Volvo

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Brand planners love the future. Almost as much as they love the past.  Google is introducing some type of campaign or game or something today at South By whereby it’s mashing up some old school ads form the 60s with new school media.  I’m sure it is going to be lovely and may even sell a little Coke, Alka-Seltzer and few Volvos — participating brands.  Hopefully, the effort will sell some Google thingies.

Planners — and I’m one of them — love the future.  Do things that have never been done. Build new categories. Break new use-case ground.  Design ideas that are future-proof.  Plan “beyond the dashboard” as I like to call it.

But what’s wrong with today?  Today is not sexy for most. Today is boring.  Or is it?  Retailers and those focused on retail marketing are all about today.  And they are so amped it’s scary. Zimmerman Advertising is a retail advertising specialist and they’re not too famous, but they could be.  They are all about the now and have had long-term success. Cash registers are their mana.

The past is gone.  The future never arrives (Remember being a kid in bed on Christmas Eve?  That was some existential shizz, no?)  “Now” is what’s up.  Sell more now.  Today.  Plan for today. Peace!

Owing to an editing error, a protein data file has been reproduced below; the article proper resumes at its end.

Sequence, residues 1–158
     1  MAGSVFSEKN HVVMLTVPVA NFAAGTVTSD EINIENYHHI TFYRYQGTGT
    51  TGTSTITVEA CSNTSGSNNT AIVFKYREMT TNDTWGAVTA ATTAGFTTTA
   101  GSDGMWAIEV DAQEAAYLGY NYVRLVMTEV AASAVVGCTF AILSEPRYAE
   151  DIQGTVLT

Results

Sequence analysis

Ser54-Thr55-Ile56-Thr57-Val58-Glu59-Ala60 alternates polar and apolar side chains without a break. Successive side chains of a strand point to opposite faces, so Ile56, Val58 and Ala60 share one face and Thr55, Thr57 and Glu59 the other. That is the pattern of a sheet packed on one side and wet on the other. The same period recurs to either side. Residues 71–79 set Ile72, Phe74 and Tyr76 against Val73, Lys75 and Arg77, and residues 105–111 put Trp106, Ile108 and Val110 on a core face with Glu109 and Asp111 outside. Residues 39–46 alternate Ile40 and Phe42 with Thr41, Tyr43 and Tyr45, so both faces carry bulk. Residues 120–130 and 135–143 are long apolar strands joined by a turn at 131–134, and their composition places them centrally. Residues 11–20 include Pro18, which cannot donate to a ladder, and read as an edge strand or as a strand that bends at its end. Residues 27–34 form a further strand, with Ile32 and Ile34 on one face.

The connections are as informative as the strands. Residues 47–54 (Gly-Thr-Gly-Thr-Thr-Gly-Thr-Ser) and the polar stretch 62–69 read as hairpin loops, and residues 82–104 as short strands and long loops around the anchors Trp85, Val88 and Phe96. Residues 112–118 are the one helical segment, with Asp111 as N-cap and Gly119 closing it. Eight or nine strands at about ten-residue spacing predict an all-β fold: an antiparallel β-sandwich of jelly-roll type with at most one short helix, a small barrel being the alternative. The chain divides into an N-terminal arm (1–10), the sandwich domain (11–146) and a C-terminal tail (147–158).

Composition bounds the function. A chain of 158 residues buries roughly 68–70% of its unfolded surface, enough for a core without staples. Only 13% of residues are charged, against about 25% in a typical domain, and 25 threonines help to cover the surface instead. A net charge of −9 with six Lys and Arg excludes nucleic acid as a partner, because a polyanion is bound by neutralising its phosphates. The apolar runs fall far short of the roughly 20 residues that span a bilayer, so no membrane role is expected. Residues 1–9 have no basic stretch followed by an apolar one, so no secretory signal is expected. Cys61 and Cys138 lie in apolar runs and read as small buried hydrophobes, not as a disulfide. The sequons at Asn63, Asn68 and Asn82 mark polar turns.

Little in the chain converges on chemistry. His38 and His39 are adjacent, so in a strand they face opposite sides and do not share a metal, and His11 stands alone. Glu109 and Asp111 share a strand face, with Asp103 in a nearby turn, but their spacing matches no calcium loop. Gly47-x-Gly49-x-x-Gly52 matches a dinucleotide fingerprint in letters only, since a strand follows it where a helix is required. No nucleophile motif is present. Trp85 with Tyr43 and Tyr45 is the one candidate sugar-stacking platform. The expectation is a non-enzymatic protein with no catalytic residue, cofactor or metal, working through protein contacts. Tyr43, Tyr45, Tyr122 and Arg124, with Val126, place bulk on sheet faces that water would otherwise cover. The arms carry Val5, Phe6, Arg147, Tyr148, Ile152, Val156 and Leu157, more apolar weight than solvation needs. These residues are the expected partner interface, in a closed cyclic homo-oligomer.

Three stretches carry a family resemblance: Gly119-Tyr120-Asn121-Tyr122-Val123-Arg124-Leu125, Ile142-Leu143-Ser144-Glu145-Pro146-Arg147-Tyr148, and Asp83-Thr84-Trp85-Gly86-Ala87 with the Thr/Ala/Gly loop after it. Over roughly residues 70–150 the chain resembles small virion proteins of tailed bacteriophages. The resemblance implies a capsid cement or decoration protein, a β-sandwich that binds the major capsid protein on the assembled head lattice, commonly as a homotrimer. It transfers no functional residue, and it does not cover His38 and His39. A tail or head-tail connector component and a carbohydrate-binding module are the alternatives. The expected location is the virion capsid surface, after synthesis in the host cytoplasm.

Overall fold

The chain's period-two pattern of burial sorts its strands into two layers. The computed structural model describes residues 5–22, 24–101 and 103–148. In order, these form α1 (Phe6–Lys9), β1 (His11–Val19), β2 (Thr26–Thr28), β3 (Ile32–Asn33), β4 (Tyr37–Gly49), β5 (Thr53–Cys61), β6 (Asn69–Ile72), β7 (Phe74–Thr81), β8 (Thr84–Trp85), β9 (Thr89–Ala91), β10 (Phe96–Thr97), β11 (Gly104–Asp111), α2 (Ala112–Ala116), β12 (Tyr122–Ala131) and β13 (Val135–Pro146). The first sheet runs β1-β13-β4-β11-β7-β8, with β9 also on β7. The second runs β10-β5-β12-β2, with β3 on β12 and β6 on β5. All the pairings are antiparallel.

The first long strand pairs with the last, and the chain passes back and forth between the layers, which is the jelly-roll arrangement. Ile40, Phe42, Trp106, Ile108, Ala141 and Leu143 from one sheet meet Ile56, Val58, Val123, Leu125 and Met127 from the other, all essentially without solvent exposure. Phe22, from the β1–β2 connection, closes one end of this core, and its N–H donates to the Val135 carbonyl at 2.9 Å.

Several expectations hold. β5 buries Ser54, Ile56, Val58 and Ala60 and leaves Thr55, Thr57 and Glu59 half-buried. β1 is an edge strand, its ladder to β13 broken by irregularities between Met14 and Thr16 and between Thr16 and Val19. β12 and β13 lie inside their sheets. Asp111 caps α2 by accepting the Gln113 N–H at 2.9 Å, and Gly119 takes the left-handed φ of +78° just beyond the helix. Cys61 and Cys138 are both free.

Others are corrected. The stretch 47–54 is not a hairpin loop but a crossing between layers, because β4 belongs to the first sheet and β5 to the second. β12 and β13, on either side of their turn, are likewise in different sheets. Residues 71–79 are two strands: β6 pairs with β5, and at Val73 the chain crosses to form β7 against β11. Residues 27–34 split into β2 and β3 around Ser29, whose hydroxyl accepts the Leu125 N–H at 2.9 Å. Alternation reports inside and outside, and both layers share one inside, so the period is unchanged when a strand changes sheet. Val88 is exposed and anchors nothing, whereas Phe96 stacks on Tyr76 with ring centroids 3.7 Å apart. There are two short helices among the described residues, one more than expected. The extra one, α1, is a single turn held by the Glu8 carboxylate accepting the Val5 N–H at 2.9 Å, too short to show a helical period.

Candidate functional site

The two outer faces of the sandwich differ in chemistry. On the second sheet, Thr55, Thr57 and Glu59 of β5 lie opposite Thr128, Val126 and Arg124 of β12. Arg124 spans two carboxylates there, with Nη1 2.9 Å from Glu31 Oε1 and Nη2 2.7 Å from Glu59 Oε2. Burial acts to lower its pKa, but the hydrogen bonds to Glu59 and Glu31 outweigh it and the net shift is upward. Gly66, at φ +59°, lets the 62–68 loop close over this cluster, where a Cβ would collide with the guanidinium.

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Ideas are hard to trust. Tangible things like design, ads, copy, promotion, and user experience are easier to trust.  You can see them, ask your friends about them, test them.  “I love that logo. That ad brought in 100 new customers.  My email campaign had a 1.25% click through rate.”

But ideas? You can’t scientifically parse and evaluate an idea.  Brand strategies are ideas. Volvo makes you safer.  Coca Cola refeshes. Cottonelle is softer.  These brand strategies, like all good ones, are indelible.  I’ve written a great deal about ROS or return on strategy.  So far, ROS is just an idea.  Though one can calculate ROI ( return on investment/tactic), return on strategy is much harder to calculate.  Why? Because ROS tries to understand the value of an idea. When I sell “rebooting the phone business” to a VOIP client along with 3 organizing principles to support the claim, I’m selling an idea. This idea might be measured in year over year sales, but on paper, how it is dimensionalized and quantified is not easy. (I still have work to do.)

Because ideas are easy to understand but harder to trust, branding has lost ground in today’s marketing world.  I joke that digital has created tactics-palooza and it’s true.  The best brands are idea-driven. Tight ideas and tight supports. Ideas create new products. Ideas motivate armies. Ideas make you happy or sad.

Ideas are hard to sell but the top tier CMOs get them. And live them.  What’s your brand’s idea? Peace.

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